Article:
When they said goodbye to this earth, most of my female relatives were younger than I am today! Now, I’m well into my personal 80s, which gives me both pause and this question: Have I been put here, and granted life here, for so long, to accomplish something I’m meant to do but haven’t done yet? And if so: How will I recognize that “something” when it finally comes along?
To help me figure out the above: I’ve pasted a little personal message onto my coffee pot, which I’m sure to look at many times a day, and so becomes the last thing I read before going to bed at night: “What have you accomplished today?” And it shames me when I must answer my own question with “Not very much…”
The above thoughts all came with my very current realization that some others are keeping better track of my age than I am. The latest has just arrived from the headquarters of my college sorority, still soldiering happily along since its founding in 1905, now wishing me a happy birthday with the reminder that I joined this group back in 1951 — more than 70 years ago! I guess I’m also soldiering along as well, even managing to take on some new community responsibilities to go with the ones I’ve had for years and still retain But I’ve never thought about any of this much, if at all, in advance of today.
As a personal columnist for the weekly Texas Jewish Post, I’m now writing about the enduring, endearing gift I received from my father’s New York cousin Peter, who visited our home in Pittsburgh when business brought him to Pennsylvania so very many years ago. He came bearing gifts: Tinker Toys for my sister, who was just a toddler — much too young for them then, so of course I immediately appropriated their use — and for me, already a rabid reader at age 6, a one-volume children’s encyclopedia. I loved — and still do — its (now so very outdated) content, which retains usefulness today as a great provider of chronologic information for me. But, most of all, I treasure its personal inscription from Cousin Peter: “The World Is Yours — To Improve And Enjoy!” My children, their children and now their grandchildren, have all had — and some are now having — their own time to read this book for themselves.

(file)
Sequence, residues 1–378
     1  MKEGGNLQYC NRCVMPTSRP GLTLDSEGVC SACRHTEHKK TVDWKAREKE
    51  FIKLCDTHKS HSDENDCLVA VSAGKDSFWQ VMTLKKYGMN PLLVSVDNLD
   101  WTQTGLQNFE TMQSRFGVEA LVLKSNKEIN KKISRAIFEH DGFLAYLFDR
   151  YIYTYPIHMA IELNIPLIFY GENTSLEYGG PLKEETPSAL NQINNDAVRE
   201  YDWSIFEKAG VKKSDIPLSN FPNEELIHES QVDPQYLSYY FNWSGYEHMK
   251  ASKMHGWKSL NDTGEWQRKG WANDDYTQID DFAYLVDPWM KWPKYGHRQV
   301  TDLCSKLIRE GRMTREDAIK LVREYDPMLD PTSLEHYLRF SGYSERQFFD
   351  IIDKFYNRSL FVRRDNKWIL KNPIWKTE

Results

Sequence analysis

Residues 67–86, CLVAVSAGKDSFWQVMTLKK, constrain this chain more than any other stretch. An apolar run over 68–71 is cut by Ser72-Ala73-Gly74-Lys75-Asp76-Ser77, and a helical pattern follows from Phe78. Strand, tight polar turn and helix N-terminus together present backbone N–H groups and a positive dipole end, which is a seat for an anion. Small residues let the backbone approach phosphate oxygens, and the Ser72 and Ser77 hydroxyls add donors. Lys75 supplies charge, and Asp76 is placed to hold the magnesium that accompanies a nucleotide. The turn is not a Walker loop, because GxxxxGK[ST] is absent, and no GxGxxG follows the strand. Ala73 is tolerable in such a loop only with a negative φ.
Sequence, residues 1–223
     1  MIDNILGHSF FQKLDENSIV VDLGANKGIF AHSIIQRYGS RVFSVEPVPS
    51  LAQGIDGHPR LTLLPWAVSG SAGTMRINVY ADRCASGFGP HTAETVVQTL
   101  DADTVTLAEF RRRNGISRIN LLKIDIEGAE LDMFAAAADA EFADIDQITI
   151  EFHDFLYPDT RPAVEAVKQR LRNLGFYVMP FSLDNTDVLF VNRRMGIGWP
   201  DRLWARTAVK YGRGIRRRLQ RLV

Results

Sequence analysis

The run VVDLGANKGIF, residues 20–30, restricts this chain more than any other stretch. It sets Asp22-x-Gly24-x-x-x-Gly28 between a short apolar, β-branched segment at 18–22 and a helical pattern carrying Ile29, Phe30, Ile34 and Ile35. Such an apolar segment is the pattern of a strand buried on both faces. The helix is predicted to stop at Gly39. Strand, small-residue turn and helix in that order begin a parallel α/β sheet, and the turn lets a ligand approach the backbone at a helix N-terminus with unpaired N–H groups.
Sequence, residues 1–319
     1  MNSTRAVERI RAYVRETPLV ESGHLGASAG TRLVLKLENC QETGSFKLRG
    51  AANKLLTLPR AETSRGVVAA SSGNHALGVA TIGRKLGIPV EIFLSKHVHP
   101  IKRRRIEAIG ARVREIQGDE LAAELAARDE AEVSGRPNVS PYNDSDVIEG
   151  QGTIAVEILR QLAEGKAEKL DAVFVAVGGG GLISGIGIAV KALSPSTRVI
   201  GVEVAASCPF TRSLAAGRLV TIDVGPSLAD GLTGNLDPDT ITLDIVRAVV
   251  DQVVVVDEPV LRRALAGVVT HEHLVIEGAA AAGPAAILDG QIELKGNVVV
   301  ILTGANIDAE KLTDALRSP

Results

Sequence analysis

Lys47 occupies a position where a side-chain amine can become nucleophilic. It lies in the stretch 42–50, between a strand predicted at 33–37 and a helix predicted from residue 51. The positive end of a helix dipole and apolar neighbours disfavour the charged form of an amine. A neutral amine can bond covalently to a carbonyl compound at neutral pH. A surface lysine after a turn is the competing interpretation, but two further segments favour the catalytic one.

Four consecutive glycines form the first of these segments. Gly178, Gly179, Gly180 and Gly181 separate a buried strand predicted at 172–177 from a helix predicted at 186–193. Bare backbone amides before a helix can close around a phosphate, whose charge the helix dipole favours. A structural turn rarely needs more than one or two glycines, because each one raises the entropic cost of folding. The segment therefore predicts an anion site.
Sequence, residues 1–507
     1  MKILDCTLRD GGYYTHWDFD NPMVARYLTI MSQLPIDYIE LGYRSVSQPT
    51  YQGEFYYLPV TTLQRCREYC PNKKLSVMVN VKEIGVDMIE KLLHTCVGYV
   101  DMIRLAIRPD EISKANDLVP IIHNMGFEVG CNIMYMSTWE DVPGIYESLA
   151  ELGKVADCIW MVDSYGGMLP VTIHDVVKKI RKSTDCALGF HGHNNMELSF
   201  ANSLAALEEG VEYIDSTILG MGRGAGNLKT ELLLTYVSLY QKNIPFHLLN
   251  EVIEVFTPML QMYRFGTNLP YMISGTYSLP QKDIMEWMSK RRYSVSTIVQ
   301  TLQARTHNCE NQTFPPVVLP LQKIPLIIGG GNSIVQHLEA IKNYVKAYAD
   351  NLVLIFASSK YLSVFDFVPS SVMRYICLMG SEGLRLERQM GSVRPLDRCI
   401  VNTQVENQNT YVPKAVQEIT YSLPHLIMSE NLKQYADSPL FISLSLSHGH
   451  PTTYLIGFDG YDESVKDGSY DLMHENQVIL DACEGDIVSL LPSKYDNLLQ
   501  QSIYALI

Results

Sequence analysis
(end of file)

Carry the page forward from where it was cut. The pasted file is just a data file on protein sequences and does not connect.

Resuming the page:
So now, I must ask myself this question: Have I — now at an age well plus 70 — improved and enjoyed the world I live in, even its tiniest bit? And after the “now” of today: What may come next? I don’t think I can even begin to answer that question without first taking a hard look backward…
My son followed his parents’ pathetic pattern of marital confusion and wound up — as did I — divorced; I later remarried into a very good life; he has built a good life for himself and his three children (plus grandchildren) while retaining a good relationship with his former wife, but has never married again. My daughter was widowed when her two sons were young, and fully devoted herself to them afterward, never even considering another marriage. Did any of us make the “right” choice? A big question: Did any of us really have any choices other than the ones we made for ourselves? Does this mean — in effect — that we really didn’t have any choices at all?
The confusion of “What if?” remains with me — and I suspect with us all — to this very day…
Harriet Gross can be reached at
This Post Has One Comment
I am so deeply touched by your thoughts, and writing style! I just saw today’s (6/7/2022) episode of the PBS NewsHour featuring a brief (5-minute) segment with Professor (Author) David Kertzer, in which he discusses his latest book about Pope Pius XII and Adolf Hitler (and Benito Mussolini). A few minutes after watching this “too brief” an interview for such an important and prescient topic of newly evidenced history, I searched online for something about David Kertzer and inadvertently came across your tjpnews column dated in 2016 about David’s father, (Rabbi) Morris Kertzer and his book’s invaluable contribution to your bookshelf and synagogue students of many years, “What Is A Jew?” I loved, really loved, your reveries about Rabbi Morris Kertzer’s visit (though ending up in the hospital rather than leading the congregation during your rabbi’s absence), and most especially what his book has meant to you and your students all these years. It so happens that I, too, have this book, though I never read it from cover to cover. But now, with your writing and personal experience as inspiration, I hope to — perhaps this coming Shabbat. Please, please keep writing.
–Melinda (SF Bay Area)